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U.S. Supreme Court rules that discrimination laws protect employees’ relatives from retaliation

In a unanimous decision, the U.S. Supreme Court ruled that the fiancée of a woman who filed a sex discrimination complaint can claim retaliation.

In a unanimous decision, the U.S. Supreme Court ruled that the anti-retaliation provisions of Title VII of the 1964 Civil Rights Act apply to relatives of employees who have filed discrimination complaints.

The Supreme Court’s ruling in the case of Thompson v. North American Stainless will enable Eric Thompson to sue NAS, where both Thompson and his then-fiancée Miriam Regalado worked, for retaliation. 

In 2002, Regalado filed a sex discrimination complaint with the Equal Employment Opportunity Commission.  She claimed that she was paid less than her male coworkers and that she was demoted twice because of her sex.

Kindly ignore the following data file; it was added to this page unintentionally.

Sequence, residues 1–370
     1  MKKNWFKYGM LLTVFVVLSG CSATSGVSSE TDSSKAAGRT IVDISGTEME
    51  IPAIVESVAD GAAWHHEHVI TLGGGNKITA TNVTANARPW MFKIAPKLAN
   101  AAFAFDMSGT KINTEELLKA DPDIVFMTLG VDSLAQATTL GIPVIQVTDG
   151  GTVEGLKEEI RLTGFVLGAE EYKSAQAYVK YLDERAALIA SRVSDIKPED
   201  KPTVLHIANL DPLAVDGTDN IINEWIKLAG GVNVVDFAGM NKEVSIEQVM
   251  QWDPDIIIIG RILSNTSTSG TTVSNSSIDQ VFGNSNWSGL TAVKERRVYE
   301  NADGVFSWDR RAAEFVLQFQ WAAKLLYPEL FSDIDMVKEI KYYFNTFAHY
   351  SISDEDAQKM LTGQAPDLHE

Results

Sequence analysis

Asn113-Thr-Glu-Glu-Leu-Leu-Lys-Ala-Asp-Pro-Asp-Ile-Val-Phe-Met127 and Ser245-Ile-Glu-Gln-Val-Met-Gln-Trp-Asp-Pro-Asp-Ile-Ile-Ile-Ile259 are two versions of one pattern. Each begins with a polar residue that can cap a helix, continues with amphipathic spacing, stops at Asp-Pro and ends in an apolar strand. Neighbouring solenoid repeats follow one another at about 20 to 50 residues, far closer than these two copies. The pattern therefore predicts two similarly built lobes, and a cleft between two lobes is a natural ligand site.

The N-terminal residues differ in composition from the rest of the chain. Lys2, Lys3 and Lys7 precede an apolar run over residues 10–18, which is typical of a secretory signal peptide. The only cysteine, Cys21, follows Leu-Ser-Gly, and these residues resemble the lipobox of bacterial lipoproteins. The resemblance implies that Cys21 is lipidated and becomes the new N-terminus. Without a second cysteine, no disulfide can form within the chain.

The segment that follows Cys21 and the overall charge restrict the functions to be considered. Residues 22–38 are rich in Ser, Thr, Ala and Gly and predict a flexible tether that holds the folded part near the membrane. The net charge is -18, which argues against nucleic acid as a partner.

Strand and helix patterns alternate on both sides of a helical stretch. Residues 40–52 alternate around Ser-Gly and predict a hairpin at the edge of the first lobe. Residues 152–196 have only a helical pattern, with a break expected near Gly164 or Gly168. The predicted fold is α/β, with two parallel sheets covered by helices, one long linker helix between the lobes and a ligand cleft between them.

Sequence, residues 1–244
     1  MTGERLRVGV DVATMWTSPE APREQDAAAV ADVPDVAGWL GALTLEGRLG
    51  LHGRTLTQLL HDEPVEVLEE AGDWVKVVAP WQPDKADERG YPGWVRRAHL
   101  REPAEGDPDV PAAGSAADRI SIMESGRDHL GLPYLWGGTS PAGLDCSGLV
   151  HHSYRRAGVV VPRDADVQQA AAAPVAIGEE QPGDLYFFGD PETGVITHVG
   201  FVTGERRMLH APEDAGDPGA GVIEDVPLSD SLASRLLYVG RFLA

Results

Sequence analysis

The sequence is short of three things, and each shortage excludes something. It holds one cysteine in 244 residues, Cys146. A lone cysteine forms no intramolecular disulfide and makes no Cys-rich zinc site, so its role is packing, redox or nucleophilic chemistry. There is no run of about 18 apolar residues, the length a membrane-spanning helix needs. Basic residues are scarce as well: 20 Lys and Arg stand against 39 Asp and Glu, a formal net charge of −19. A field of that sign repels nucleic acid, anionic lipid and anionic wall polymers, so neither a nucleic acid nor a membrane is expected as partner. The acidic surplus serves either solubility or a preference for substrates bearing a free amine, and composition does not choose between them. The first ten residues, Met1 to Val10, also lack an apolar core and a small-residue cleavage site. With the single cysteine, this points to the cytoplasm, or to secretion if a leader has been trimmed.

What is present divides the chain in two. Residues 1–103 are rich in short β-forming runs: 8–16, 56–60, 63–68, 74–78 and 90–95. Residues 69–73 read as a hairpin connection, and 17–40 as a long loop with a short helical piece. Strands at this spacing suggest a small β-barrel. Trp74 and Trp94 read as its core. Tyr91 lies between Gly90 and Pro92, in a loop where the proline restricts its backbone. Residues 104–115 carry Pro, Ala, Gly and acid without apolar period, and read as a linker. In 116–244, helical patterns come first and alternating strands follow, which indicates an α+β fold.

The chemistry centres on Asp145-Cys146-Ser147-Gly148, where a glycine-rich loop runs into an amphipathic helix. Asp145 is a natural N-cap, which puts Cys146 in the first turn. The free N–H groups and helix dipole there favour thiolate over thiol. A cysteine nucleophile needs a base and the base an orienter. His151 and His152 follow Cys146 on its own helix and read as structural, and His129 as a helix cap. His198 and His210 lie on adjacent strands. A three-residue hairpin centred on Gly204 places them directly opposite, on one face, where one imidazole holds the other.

North American Stainless was informed of Regalado’s EEOC complaint in February 2003, and Thompson was fired three weeks later.

Thompson filed a lawsuit against NAS in January 2005 claiming that he was fired in retaliation for Regalado’s EEOC complaint.  The company said that Thompson was fired for performance reasons.

Thompson’s original case was dismissed by the U.S. District Court for the Eastern District of Kentucky in June 2006.  Thompson appealed the ruling, and the lower court’s decision was reversed by the U.S. Court of Appeals for the 6th Circuit.

Thompson then appealed the decision to the U.S. Supreme Court.

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U.S. Supreme Court rules that discrimination laws protect employees’ relatives from retaliation
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